Monday, September 1, 2008

Into the Wild

By Sarah Beth Durst
Penguin Group, May 2008
Reviewed by Jodie

Sarah Beth Durst’s first novel ‘Into the Wild’ is an imaginative story filled with fairytale characters trying to live now they are free of their story tale roles. Rapunzel, Gothel and Puss in Boots have been carefully living in the human world with many other familiar characters ever since they escaped from the magical forest like Wild, which had forced them into acting in their traditional stories. Rapunzel, pregnant when leaving the Wild, magically delayed giving birth until she felt safe and then had her daughter, Julie in the human world. Their family is unusual but cleverly reflects the different kinds of family structures found today; Gothel is Rapunzel’s stepmother, Julie’s father is missing and Puss in Boots is Julie’s adopted brother in law.

Julie Marchen isn’t an ordinary teenage but she’s not extraordinary either. She may be the daughter of Rapunzel, the woman who rescued the fairy tale characters from enslavement, but having been born in the human world long after this happened she feels set apart and shunned by the fairy tale people. With a vicious vine imprisoned under her bed, eating all her best footwear, she is never going to fit in at school. Although she has a loyal best friend, Gillian, who is going through the same sort of isolation at school Gillian doesn’t understand the problems Julie has with the fairytale characters, she thinks it’s all a game. Unable to make anyone understand her Julie is the perfect companion for teenagers who feel alone and tired of being different.

When the Wild escapes, wished back to full strength by an unknown wish, these differences are what save her. Not fairytale enough to be immediately trapped into a story but aware of what the Wild does, it becomes Julie’s job to walk into the evil forest spreading over her home town and fight to rescue her mum and everyone else it has transformed. Julie is overwhelmed and scared but she is also smart and resourceful once challenged. Julie transforms from an embarrassed teenager who complains and shouts at her mother to a girl who tries her hardest to beat the cunning Wild. At the beginning she is quite an infuriating character, although she is still someone readers can sympathise with but as Julie gains knowledge about her mother and herself she becomes the kind of girl to cheer for. Julie’s infuriating beginnings are an understandable reaction to her lack of power, lack of understanding and feelings of being kept apart from her family’s experiences, things all teenagers and adults will identify with.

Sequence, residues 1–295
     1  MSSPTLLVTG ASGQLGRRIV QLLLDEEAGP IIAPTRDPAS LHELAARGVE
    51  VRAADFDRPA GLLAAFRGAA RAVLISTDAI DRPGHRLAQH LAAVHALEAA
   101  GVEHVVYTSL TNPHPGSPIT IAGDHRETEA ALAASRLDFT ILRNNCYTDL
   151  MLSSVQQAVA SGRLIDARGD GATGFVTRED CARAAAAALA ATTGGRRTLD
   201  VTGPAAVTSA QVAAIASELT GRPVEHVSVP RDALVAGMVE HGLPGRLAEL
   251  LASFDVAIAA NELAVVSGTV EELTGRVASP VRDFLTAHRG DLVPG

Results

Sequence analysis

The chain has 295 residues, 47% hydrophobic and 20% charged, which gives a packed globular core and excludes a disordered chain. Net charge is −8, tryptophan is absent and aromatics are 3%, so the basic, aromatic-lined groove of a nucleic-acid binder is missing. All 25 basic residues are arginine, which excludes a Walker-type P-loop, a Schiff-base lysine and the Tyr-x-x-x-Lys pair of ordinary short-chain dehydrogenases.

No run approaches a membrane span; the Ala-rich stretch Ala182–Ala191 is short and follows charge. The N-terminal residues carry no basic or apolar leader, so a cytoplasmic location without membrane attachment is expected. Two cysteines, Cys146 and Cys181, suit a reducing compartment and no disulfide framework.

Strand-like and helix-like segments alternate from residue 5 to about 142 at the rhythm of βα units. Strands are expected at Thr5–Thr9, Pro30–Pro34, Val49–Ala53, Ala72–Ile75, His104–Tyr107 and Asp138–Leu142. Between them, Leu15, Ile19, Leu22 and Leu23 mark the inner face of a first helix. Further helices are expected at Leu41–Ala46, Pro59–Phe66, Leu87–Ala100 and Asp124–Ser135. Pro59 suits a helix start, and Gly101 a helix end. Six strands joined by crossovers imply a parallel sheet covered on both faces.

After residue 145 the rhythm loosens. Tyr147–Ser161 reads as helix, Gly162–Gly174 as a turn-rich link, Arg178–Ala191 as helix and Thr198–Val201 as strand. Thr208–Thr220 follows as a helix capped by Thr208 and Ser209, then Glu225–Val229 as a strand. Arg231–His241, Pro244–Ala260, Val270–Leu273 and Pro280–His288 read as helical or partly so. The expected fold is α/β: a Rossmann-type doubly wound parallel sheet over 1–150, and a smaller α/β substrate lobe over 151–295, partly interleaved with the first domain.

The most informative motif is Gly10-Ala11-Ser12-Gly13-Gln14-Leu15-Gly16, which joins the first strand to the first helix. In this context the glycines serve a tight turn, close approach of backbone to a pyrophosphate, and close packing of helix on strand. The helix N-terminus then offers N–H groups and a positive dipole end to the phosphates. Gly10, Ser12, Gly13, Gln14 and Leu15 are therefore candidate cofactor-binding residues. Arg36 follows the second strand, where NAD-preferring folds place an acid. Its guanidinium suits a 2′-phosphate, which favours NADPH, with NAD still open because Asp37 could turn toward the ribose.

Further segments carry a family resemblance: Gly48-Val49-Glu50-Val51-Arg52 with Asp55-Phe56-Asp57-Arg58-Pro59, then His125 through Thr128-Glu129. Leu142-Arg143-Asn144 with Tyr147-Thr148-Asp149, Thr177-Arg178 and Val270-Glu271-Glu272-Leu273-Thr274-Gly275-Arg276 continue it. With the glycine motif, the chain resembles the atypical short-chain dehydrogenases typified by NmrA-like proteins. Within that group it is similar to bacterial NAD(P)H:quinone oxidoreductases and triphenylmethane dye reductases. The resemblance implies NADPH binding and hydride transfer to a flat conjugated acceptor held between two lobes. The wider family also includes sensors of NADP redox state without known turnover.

Durst’s novel deals with the big issue any modern take on fairytales should include. As the characters are recaptured by the Wild they revert to playing the roles assigned them in stories. The saddest transformation is Gothel’s who involuntarily changes from being a loving grandmother into the child eating witch she started her life as. She is powerless to resist the Wild’s control even though the character she is made to play is no longer and perhaps never was her real self. By looking at fairytale characters as real people forced into roles that are not true to their personalities Durst examines how traditional stories helped to form unrealistic standards for human behaviour and gave fodder to form cultural prejudices. Old women often took on evil roles, handsome men were often good rescuers and this lent support to people’s biases. This re-examination of fairy tales in light of modern criticism is essential for any novel that engages with the stories.

Durst’s book is written in an easy to read, compelling style. It immediately catches your attention and makes you curious about Julie and her journey. All the characters and their actions are vibrantly described but sometimes not enough time is given to each character. Characters like the outgoing, boy crazy Cindy and the dynamic Gothel deserved their own thorough development but to keep the book well paced and forward moving Durst has to sacrifice any diversions from Julie’s quest. It would be wonderful to see these characters revisited and placed at the centre of the action in future books.

‘Into the Wild’ is a great book to get young adults hooked on books that reinvent fairytales. Adults might be expecting a bit more toughness and psychological horror from these kind of books but Julie will appeal to anyone who has ever struggled with being different and convince them this book is as worthy as adult novels on similar subjects.

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